Translation:He thinks it is good to open the door.
Yes, because he thinks the act of opening the door is good. It's the verb, to open, or to be open, he thinks is good. If it was bona instead of bone, then the sentence would be saying that he thought the door itself was good, something like, "He thinks to open the good door".
In English we don't set apart "that" clauses with commas.
He thinks that opening the door is good.
In Esperanto, for whatever reason, "that" clauses are offset with commas. I don't think Zamenhof was a linguist, and it shows.
In most languages, it is wrong to write a comma directly between the subject and the verb. The only reason for commas between the subject and the verb is if there's an embedded phrase that is being offset with commas, or if the subject contains a comma-separated list. The test is to see if the commas can be replaced with parentheses. If they can, you're fine. If they can't, they might not belong there.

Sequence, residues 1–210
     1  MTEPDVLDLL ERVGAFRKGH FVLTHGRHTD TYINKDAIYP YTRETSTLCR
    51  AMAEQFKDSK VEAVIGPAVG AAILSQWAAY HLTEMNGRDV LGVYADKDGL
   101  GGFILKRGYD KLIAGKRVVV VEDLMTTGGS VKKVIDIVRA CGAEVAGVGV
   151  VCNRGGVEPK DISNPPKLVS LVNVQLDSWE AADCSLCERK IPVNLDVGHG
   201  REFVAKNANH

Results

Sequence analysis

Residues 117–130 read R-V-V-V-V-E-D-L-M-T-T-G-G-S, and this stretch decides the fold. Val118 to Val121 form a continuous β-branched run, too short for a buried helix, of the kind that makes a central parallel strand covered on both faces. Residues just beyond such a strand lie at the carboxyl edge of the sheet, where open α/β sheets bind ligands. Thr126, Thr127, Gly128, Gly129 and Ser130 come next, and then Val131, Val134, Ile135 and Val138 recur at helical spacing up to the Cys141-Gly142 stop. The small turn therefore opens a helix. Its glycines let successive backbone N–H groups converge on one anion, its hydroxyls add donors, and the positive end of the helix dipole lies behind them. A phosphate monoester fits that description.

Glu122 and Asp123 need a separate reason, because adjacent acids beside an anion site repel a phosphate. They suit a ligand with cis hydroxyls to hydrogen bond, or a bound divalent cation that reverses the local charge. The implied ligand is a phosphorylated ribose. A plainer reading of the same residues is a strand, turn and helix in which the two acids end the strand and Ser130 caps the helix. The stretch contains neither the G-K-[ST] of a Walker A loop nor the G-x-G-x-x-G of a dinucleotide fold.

Adam, Sofia, and I went to the party.
I, along with Adam and Sofia, went to the party.
Mi rifuzas meti komon tie. Ĝi estas senutila. Probable, mian opinion influas la franca, kies uzo de la komo mi pensas esti pli logika. Mi pensas ke oni devus uzi ĝin nur kiam oni povus forlasi la tiel apartigata subfrazo sen ŝanĝi la senson de la frazo. Tiel, "mi amas la virinoj, kiu estas belaj" kaj "mi amas la virinoj kiu estas belaj" estus malsamaj.
You know enough Esperanto to understand my replies. There aren't really any punctuation rules in Esperanto, unfortunately. If I remember correctly, the Fundamento says it's used "as in national languages" but apparently Zamenhof didn't see that each language uses the comma differently. From the texts I've read, a lot of people use the comma before the "k-" words, but I don't remember ever seeing a comma between the subject and the verb (except for an inserted subphrase). It doesn't look correct for me.